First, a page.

The myriad ways in which data may be used

Global Publication February 2021

The value that can be gained from data by businesses will inevitably lead to an increase in the use of data to improve daily operations and to develop new products, services and processes.

There are many ways in which businesses might do this:

  • Increase in licensing-in of data: Including use of open data, or sharing of data.
  • Monetization of data: This may be in the form of bilateral negotiations between businesses or, for example, through specific data markets for sharing data relating to specific industry sectors.1
  • Increase in the use of available data: For example, the European Commission is driving efforts to make public sector information open, EU-wide, accessible and reusable in order to stimulate the region’s data and knowledge economy and to support SMEs. The European Commission is also focusing on dominant data platforms (so-called “digital gatekeepers”) from an antitrust perspective with a view to opening up their data as part of the EU’s proposed Digital Services Act (see Antitrust / Competition Law Data Issues).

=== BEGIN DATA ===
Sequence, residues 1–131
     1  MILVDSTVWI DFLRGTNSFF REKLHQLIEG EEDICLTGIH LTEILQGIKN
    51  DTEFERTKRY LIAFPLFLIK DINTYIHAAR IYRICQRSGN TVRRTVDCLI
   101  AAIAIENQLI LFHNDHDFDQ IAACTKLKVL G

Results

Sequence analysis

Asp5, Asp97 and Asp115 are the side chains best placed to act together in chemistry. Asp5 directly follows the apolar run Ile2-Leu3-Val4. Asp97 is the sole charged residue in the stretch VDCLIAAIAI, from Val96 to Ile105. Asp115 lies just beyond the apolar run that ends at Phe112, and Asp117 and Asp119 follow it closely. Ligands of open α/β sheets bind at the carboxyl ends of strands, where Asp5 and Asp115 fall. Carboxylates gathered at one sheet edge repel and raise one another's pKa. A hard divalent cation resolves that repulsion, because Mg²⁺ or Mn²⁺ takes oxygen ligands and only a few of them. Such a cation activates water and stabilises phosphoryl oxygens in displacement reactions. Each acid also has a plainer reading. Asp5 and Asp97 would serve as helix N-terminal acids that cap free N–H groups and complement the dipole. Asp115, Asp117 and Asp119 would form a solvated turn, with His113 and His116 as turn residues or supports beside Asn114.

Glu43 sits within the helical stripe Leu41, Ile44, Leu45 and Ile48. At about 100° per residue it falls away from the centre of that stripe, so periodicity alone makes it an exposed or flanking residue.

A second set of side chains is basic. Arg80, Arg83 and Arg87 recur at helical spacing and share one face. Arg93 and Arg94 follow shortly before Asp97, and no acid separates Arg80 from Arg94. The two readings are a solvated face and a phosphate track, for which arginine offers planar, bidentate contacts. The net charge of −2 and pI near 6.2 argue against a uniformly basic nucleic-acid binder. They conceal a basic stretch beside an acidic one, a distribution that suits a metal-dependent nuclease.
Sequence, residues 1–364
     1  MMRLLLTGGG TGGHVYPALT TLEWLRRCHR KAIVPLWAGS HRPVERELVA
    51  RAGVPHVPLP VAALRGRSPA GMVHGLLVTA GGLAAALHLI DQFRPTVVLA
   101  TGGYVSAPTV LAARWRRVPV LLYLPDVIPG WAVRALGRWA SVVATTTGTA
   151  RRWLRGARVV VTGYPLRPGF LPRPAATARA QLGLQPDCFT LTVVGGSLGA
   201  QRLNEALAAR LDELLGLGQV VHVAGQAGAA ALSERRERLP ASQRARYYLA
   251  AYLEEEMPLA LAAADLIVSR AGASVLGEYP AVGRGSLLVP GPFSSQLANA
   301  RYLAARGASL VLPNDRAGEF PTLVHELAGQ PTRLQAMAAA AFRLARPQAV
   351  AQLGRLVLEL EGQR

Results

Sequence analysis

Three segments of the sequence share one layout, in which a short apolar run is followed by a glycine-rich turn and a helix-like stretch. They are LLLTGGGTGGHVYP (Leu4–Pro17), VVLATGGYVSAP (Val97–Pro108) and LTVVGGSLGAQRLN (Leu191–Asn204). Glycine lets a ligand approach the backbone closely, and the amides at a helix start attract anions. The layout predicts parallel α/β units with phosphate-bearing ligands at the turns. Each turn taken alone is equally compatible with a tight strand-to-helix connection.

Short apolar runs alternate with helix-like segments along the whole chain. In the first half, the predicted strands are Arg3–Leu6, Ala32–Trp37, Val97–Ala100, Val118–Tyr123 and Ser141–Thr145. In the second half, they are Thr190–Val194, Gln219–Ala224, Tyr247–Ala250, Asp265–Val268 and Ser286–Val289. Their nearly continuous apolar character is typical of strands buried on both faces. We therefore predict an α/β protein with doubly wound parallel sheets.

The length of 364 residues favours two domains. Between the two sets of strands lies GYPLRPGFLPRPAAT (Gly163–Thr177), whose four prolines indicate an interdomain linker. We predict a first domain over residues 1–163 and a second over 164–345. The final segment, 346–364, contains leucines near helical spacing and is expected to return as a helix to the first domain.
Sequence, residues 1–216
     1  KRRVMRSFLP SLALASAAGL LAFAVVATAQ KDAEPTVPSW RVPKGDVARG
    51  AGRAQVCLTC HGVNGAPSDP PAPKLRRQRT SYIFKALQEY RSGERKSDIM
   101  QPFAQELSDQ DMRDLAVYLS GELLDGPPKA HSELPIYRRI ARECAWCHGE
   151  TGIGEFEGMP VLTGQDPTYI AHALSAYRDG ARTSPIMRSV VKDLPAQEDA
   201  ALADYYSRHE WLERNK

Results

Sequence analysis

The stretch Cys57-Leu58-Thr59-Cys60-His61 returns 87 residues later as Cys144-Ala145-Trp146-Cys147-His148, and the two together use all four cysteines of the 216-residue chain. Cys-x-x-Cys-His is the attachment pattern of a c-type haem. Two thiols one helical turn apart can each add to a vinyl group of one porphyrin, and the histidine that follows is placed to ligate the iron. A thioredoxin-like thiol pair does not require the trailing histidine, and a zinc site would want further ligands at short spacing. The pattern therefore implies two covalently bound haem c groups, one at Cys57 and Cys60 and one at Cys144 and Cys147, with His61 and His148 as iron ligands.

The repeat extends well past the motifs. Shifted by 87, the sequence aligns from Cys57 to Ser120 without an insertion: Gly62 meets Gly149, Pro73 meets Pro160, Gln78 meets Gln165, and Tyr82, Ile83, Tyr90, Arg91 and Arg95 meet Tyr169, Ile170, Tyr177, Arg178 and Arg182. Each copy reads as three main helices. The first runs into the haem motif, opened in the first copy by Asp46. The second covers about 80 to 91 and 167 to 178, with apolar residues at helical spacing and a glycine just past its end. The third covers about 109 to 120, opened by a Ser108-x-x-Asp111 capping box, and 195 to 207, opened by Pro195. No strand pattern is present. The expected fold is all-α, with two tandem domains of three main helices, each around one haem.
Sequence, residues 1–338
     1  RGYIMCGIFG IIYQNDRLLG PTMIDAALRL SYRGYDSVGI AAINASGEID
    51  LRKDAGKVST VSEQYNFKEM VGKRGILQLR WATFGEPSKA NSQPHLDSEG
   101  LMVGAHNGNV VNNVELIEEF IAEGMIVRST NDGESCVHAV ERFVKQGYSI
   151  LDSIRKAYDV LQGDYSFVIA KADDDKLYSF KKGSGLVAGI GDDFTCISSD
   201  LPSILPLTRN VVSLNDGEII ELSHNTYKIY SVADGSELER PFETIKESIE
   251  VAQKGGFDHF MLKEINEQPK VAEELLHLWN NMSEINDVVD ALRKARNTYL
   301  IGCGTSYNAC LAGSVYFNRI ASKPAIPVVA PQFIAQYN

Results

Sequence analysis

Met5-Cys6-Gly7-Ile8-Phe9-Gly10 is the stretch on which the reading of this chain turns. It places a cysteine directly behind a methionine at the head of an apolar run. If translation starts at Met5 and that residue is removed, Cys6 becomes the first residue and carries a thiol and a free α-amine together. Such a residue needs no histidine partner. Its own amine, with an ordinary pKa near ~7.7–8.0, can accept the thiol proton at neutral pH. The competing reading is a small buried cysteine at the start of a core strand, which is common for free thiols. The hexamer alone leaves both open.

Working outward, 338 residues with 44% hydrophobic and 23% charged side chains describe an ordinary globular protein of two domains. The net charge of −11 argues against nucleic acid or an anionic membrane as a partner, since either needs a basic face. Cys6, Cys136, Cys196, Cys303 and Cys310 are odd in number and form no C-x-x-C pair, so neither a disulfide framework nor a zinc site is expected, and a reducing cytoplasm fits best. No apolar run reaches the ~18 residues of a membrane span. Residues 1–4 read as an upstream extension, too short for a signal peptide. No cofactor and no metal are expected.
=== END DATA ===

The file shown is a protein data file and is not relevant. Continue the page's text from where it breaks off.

• Use of own business data: To improve product design and manufacturing, operational efficiencies, benchmarking, customer service, market reach and decision-making, in each case to drive innovation and to reduce the time to market. A business’s own data may also be used for the purposes of providing a better working environment for staff, such as equality and diversity, health and safety and training.
  • Sharing of data and insights with business partners: Such as manufacturers, suppliers, distributors, and customers in order to optimise procurement, supply chain efficiency, customer service, and to enhance product offerings.
  • Sharing of data with complementary businesses: In order to deliver new and innovative services and products.
  • Sharing of data with new forms of data businesses: Such as data aggregators, analytics companies and AI developers.


All these data-related activities will need to be carried out within a rapidly changing regulatory environment for data in many jurisdictions, particularly where such activities are cross-border in nature (see Regulatory Environment for Data).


1   See Commission Staff Working Document, Free Flow of Data and Emerging Issues of the European Data Economy, page 13, footnote 43.